Social Climber poured watercolour

Poured watercolour of a clematis.  I just had to call this painting Social Climber as there are so many blossoms growing over top of one another.  So many rich shades of blues, pinks and purples.

Social Climber poured watercolour by Helen Shideler

When to say when

There are times when I am unsure to call a painting complete or not.  I find this challenges me more with poured watercolours than traditional painting styles. The paint stains the paper quite heavily when you pour, often creating sharper edges than you can tell during the process.  It is harder to edit the painting while balancing the tone and maintaining transparency of colour. 

When I remove the masking compound, I think the underpainting looks washed out as the mask holds pigment on top.  When you take off the mask this layer of pigment is also removed.  Was never intended to stay, but it is usually quite bold. You sure miss it when it has been removed.

I use my reserved paint from the pouring process to go back in and enhance the underpainting.  This one is a bit different in that I did not pour green just applied a bit with my brush.

Step away from the painting

FIrst is knowing when to say when.  Put the brushes down.  Step away from the painting.   And, really poured watercolours need to be viewed from across the room.  You see the illusion better and not each individual mask or paint application.  All kidding aside,  the further back you are the more dimensional the work appears to be! Pretty cool actually.

A few steps of my painting process in slideshow below

Click to scroll through

This clematis grows in my sister-in-law Teri's magical garden in PEI.  

Spring Scentsation

Spring Scentsation

Large acrylic painting of lilacs is finally signed and off the easel.  

Spring Scentsation by Helen Shideler

I think I heard a heavenly choir of angels 

Hallelujah!  Really I mean it. I have spent so much quality time with this painting.  First scoping all the lilac shrubs in Quispamsis, Rothesay and beyond.  Then taking photos. I scouted, I hunted and even had friends on the lookout for me.  Interesting enough these particular blooms grow in my own backyard.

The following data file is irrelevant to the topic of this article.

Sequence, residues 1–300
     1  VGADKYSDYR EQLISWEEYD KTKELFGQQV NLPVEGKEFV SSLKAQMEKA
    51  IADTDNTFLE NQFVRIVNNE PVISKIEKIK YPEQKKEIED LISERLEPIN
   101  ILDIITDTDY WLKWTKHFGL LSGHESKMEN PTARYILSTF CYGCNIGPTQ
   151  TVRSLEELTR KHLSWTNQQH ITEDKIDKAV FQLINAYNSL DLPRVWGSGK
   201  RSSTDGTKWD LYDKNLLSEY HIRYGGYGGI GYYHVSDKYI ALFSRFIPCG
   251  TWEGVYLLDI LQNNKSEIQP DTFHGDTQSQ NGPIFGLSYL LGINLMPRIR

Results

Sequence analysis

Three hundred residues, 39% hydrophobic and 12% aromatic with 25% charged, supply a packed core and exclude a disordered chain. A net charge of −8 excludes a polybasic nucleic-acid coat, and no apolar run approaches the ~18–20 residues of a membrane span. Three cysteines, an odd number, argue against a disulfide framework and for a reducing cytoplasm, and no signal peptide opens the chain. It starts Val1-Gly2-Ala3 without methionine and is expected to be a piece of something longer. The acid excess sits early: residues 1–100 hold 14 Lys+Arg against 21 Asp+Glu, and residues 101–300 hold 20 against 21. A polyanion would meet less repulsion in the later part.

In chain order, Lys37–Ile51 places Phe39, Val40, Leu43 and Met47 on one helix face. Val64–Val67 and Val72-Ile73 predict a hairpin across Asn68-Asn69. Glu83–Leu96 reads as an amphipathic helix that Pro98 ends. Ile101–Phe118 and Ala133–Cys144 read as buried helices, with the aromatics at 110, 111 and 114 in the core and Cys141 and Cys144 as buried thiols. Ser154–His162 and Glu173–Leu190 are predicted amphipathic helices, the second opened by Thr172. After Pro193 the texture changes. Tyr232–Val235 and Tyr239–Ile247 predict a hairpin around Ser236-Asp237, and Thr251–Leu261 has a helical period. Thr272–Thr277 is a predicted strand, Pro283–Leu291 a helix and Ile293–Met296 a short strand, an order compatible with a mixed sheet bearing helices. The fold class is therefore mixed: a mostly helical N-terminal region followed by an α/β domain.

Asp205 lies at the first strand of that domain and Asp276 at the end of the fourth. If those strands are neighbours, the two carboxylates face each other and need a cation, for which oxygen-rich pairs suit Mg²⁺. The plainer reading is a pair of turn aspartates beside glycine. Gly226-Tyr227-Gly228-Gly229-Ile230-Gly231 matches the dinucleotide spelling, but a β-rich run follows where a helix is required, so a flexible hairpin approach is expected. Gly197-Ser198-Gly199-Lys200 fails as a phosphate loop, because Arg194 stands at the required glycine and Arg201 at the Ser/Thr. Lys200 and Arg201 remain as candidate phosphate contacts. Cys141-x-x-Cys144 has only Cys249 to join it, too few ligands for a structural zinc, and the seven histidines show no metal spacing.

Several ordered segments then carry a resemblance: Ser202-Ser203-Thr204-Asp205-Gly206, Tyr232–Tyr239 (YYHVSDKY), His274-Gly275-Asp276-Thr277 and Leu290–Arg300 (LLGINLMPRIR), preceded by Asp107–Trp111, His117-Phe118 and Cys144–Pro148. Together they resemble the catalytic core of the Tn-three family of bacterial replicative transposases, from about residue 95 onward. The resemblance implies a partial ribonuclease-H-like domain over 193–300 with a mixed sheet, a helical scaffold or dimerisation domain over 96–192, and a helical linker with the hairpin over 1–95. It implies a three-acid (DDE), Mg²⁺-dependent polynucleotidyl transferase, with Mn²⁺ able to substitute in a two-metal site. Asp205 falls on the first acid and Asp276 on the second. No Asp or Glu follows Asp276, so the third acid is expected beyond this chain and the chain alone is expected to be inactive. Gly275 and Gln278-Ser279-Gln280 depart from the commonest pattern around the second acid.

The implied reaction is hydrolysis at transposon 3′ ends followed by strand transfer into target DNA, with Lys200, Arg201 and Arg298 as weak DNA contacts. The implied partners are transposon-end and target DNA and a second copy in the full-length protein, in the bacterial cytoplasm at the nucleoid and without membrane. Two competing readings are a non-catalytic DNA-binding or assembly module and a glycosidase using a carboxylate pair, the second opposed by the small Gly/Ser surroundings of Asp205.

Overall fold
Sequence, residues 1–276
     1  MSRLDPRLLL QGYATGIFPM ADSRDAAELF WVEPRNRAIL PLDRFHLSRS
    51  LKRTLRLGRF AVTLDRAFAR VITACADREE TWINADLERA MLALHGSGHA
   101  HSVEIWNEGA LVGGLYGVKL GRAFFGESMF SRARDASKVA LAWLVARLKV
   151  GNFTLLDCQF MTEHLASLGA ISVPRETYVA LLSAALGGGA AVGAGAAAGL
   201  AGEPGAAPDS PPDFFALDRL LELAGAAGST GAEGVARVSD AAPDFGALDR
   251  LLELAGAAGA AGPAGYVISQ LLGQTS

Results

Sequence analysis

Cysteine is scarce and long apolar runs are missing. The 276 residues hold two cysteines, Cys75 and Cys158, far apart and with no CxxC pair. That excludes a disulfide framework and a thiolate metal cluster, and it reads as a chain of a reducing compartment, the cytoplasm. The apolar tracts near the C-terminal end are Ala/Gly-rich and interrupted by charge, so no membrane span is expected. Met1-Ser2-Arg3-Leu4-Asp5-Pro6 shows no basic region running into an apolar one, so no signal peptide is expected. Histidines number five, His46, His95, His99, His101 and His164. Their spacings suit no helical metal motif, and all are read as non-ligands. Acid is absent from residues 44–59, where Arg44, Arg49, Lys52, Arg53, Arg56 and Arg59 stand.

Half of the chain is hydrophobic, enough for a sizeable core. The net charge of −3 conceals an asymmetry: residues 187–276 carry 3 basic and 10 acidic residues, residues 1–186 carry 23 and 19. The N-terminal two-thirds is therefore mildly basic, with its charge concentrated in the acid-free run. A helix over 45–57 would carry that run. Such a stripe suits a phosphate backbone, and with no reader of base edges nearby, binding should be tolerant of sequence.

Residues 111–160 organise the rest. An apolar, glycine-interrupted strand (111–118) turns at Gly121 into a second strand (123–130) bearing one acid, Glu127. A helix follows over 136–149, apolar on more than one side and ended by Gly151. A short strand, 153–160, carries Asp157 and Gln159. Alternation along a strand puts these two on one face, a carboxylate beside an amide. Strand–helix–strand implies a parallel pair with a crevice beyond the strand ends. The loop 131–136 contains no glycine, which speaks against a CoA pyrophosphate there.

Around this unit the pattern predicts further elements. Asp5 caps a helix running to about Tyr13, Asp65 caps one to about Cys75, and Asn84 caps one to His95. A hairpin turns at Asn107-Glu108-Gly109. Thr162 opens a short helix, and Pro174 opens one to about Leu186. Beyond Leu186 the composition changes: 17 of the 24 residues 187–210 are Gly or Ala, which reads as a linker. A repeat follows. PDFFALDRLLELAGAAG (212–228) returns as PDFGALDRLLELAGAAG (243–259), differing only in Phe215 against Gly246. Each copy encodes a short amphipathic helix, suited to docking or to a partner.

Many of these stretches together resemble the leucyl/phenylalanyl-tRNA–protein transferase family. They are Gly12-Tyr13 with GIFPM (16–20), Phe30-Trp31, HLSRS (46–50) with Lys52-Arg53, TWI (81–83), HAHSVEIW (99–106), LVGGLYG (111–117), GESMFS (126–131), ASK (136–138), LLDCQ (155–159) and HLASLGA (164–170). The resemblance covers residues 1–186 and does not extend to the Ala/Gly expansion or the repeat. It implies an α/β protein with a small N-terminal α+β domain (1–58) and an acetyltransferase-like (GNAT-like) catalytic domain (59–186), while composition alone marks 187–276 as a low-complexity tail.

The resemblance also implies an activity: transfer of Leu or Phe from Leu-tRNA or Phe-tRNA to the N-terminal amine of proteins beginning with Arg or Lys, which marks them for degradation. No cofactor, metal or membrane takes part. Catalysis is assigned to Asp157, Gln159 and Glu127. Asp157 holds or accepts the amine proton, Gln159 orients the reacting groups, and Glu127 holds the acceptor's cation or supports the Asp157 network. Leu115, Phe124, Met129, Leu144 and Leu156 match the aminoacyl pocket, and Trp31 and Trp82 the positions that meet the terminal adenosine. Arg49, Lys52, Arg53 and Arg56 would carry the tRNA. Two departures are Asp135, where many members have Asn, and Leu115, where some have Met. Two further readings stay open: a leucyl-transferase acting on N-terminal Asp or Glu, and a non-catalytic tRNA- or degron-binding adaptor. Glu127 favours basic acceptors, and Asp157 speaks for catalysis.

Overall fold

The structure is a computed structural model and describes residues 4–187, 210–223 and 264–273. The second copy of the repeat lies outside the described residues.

Worth crying over

Then I remembered what I forgot.  The wonderful scent of heavily perfumed lilacs are an allergy trigger for me. I managed to take photos through my watery eyes.  This was pretty funny. I was taking photos of the lilacs and my eyes started running. Not just teary, but full on running like a tap. Then my sinuses filled up and I was leaking everywhere.  I was literally catching rivers of tears off my chin! Not a cute image I know, but it shows just how stubborn I can be.  I stayed out there taking photos until I literally no longer could see through my tears and had absolutely no idea what I was getting. Confirming my suspicion that I am allergic to lilacs. And I did this repeatedly evening after evening until the blooms were too far past their prime.

Allergies will not stop me from loving and painting them!   Interesting enough, they were so imprinted on my mind that I could actually smell them as I was painting.  Then when I went to bed I continued to paint them in my dreams.  Really, really imprinted!

Size matters

Gary holding "Spring Scentsation"

The painting process was interesting.  At first I tried, honestly tried to paint loose and flowing. Determined to use some nice new #12 brushes. Oh the satisfaction from loose and flowing strokes!  Only I couldn't.  I gave up on the big brushes very early in the process and reverted back to my #2s and #4s.  Then I went back in and fixed the florets that I first started with.  Ah, my comfort zone - complexity and detail.  

I have another canvas or two this size.  What should I paint next?

WIP - Black Velvet - Update #2

Helen Shideler - Black Velvet Iris paintingMaybe it is has something to do with the monochromatic palette, or maybe it is the large size (30 x 30”) but it sure feels like this painting is taking me a long time.  I really have been working on this – although not exclusively.  Since my first post, I have had a number of painting sessions.  When I look at the photo from the original post I can clearly see my progress.  But when I start another painting session it looks the same in my mind.   Contributing to this illusion may the bright white background.  But….whenever I enter my studio and see it on the easel it - catches my breath.   So I must be heading in the right direction. I have worked my way around all the petals and am now about to focus on the front “fall” petal and the fuzzy “beard” area.   There is a lot of color in this area will be fun to paint!

I still have not decided if I am going to paint a light background or paint it white-ish for a more contemporary look.  I will give you a chance to weigh in on the next post.

Hmmm, I am craving a grape popsicle all of a sudden!

 

WIP - Picotee Petunias - Poured Painting

Helen Shideler Poured FLoral  

Pretty purple picotee petunia petticoats 

 

Ahh, the name game and I am stuck on “p” alliterations

Never wanting to be hokey, looking for a name that sticks…well, this is just tempting.  Likely a poem in here somewhereThis is the most pre-planned poured painting I have worked on.  I knew the colors before I started.  I had them all laid out - rich magentacarmine quin red.  All delicious shades!  Even through all the layers of masquing compound I was pretty happy with the way the painting was developing.  Once I removed the masque,  I almost called it finished, but I know the next step will bring it to life!  Stay tuned!